Pilot Information

Certificate: Flight Instructor; Commercial
Age: 30, Male
Airplane Rating(s): Multi-engine Land; Single-engine Land; Single-engine Sea
Seat Occupied: Single
Other Aircraft Rating(s): None
Restraint Used: Unknown
Instrument Rating(s): Airplane
Second Pilot Present: No
Instructor Rating(s): Airplane Single-engine
Toxicology Performed: No
Medical Certification: Class 1
Last FAA Medical Exam: 05/01/2014
Occupational Pilot: Yes
Last Flight Review or Equivalent:
Flight Time:

Aircraft and Owner/Operator Information

Aircraft Manufacturer: GRUMMAN ACFT ENG COR-SCHWEIZER
Registration: N6654K
Model/Series: G-164 B
Aircraft Category: Airplane
Year of Manufacture: 1978
Amateur Built: No
Airworthiness Certificate: Restricted
Serial Number: 409B
Landing Gear Type: Tailwheel
Seats: 1
Date/Type of Last Inspection: 02/01/2016, Annual
Certified Max Gross Wt.: 3750 lbs
Time Since Last Inspection: 59 Hours
Engines: 1 Reciprocating
Airframe Total Time:  9132.5 Hours as of last inspection
Engine Manufacturer: Pratt & Whitney
ELT:
Engine Model/Series: R-1340-AN1
Registered Owner: SOUTHERN AIR SERVICES LLC
Rated Power: 550 hp
Operator: SOUTHERN AIR SERVICES LLC
Operating Certificate(s) Held:  Agricultural Aircraft (137)

Meteorological Information and Flight Plan

Conditions at Accident Site: Visual Conditions
Condition of Light: Day
Observation Facility, Elevation: SRQ, 28 ft msl
Observation Time: 0953 EDT
Distance from Accident Site: 21 Nautical Miles
Direction from Accident Site: 279°
Lowest Cloud Condition: Few / 2900 ft agl
Temperature/Dew Point: 24°C / 19°C
Lowest Ceiling: Broken / 9500 ft agl
Visibility:  10 Miles
Wind Speed/Gusts, Direction: 10 knots, 210°
Visibility (RVR):
Altimeter Setting: 30.04 inches Hg
Visibility (RVV):
Precipitation and Obscuration:  No Obscuration; No Precipitation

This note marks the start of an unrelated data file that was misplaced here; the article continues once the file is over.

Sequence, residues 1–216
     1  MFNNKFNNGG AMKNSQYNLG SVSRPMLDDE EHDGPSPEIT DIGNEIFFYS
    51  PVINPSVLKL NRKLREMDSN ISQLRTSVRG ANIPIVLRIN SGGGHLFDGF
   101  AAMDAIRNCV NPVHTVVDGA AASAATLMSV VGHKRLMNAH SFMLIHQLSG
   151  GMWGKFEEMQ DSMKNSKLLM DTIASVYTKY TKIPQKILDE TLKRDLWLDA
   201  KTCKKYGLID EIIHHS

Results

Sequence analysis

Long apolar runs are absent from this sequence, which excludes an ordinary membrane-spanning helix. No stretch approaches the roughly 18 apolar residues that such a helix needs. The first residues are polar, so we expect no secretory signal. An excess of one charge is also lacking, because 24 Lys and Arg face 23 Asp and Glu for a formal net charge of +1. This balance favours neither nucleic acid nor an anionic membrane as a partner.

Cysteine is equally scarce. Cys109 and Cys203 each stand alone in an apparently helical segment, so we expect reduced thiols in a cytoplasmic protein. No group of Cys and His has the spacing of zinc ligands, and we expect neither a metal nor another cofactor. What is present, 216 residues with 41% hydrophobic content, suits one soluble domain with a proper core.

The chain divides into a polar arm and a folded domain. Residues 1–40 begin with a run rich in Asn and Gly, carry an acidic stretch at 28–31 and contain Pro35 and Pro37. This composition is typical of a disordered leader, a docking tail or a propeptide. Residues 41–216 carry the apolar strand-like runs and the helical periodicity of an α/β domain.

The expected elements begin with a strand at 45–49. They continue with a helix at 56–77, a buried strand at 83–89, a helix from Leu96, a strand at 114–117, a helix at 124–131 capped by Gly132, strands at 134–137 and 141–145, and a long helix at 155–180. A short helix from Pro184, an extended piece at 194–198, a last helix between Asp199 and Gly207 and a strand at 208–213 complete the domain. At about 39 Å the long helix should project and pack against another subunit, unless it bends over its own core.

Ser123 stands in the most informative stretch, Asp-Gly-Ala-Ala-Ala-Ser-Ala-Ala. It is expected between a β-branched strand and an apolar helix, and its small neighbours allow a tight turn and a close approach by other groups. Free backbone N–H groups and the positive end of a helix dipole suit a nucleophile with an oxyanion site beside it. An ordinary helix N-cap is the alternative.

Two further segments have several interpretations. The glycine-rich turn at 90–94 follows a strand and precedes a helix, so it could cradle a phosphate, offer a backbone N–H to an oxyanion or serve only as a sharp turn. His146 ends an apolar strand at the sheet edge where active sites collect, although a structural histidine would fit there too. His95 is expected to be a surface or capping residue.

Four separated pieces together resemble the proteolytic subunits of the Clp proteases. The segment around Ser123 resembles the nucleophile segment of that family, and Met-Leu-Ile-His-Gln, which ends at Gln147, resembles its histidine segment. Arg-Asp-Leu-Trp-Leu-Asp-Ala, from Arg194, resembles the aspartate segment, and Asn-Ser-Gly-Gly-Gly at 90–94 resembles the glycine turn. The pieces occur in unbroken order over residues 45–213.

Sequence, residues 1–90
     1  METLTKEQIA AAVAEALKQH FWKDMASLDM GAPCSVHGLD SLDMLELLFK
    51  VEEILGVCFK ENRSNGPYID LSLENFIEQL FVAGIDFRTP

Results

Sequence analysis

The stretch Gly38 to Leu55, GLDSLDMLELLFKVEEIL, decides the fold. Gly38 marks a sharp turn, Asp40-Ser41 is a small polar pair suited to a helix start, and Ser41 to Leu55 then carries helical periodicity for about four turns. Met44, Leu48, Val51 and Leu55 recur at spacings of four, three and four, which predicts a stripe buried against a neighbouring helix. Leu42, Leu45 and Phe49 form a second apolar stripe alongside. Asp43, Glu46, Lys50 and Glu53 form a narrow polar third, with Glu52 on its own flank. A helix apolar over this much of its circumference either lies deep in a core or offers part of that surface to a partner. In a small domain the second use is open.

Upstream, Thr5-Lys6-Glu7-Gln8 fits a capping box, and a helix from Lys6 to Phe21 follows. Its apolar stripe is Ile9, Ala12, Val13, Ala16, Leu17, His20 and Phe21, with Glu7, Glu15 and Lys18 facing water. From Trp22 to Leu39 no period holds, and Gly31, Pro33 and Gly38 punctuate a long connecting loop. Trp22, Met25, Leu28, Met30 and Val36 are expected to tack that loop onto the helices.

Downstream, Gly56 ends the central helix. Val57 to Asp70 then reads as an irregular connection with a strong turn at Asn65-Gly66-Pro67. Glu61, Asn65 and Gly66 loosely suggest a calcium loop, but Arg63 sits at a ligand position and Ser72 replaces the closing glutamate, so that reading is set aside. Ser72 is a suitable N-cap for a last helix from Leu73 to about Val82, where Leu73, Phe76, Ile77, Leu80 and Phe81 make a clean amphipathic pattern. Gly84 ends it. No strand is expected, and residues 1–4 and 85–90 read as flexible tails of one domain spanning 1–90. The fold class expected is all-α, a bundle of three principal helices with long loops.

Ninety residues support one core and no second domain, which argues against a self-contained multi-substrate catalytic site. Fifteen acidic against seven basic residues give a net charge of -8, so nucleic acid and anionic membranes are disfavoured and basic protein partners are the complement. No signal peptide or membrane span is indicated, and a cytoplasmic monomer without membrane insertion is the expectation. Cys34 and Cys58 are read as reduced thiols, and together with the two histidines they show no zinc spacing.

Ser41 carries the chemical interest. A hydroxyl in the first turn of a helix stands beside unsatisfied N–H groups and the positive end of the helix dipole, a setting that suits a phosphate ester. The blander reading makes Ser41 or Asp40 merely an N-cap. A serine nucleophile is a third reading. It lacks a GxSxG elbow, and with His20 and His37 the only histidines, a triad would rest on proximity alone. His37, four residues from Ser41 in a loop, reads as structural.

Departure Point: Myakka, FL
Type of Flight Plan Filed: None
Destination: Myakka, FL
Type of Clearance: None
Departure Time: 1000 EDT
Type of Airspace: 

Wreckage and Impact Information

Crew Injuries: 1 None
Aircraft Damage: Substantial
Passenger Injuries: N/A
Aircraft Fire: None
Ground Injuries: N/A
Aircraft Explosion: None
Total Injuries: 1 None
Latitude, Longitude:  27.348611, -82.178056 (est)



NTSB Identification: ERA16LA130
14 CFR Part 91: General Aviation
Accident occurred Monday, March 14, 2016 in Myakka, FL
Aircraft: GRUMMAN ACFT ENG COR-SCHWEIZER G-164, registration: N6654K
Injuries: 1 Uninjured.

This is preliminary information, subject to change, and may contain errors. Any errors in this report will be corrected when the final report has been completed. NTSB investigators may not have traveled in support of this investigation and used data provided by various sources to prepare this aircraft accident report.

On March 14, 2016, about 1000 eastern daylight time, a Grumman G-164B, N6654K, experienced a total loss of engine power and performed a forced landing to an agricultural field near Myakka, Florida. The commercial pilot was not injured. Visual meteorological conditions prevailed and no flight plan was filed for the aerial application flight, which departed a private grass strip in the vicinity of the agricultural field around 1000. The airplane was owned and operated by Southern Air Services, LLC and the maintenance test flight was conducted under the provisions of Title 14 Code of Federal Regulations Part 91.

According to the pilot, the purpose of the flight was to perform a "short" post maintenance flight to verify that the spray system was operating without anomaly. He performed a preflight inspection of the airplane and noted that it was "good to go." He started the airplane, and noted that during the takeoff that all the "gauges were in the green." Then, during the initial climb, the pilot adjusted the throttle and propeller controls, and the engine began to run "rough." Soon after, the engine lost total power and the pilot elected to land the airplane straight ahead in the field. The airplane touched down in the field, nosed over, and came to rest inverted.

A postaccident examination of the engine revealed that the engine remained attached to the airframe. In addition, engine continuity was confirmed and all cylinders remained attached to the engine. The supercharger exhibited rotational scoring and sand was located inside the housing. In addition, the carburetor was impact separated and damaged.

The wings, fuselage, vertical stabilizer, and rudder were substantially damaged. The leading edge of the wings exhibited crush damage and the rudder was bent to the left. A fuel sample was taken from the airplane and no debris or water was noted.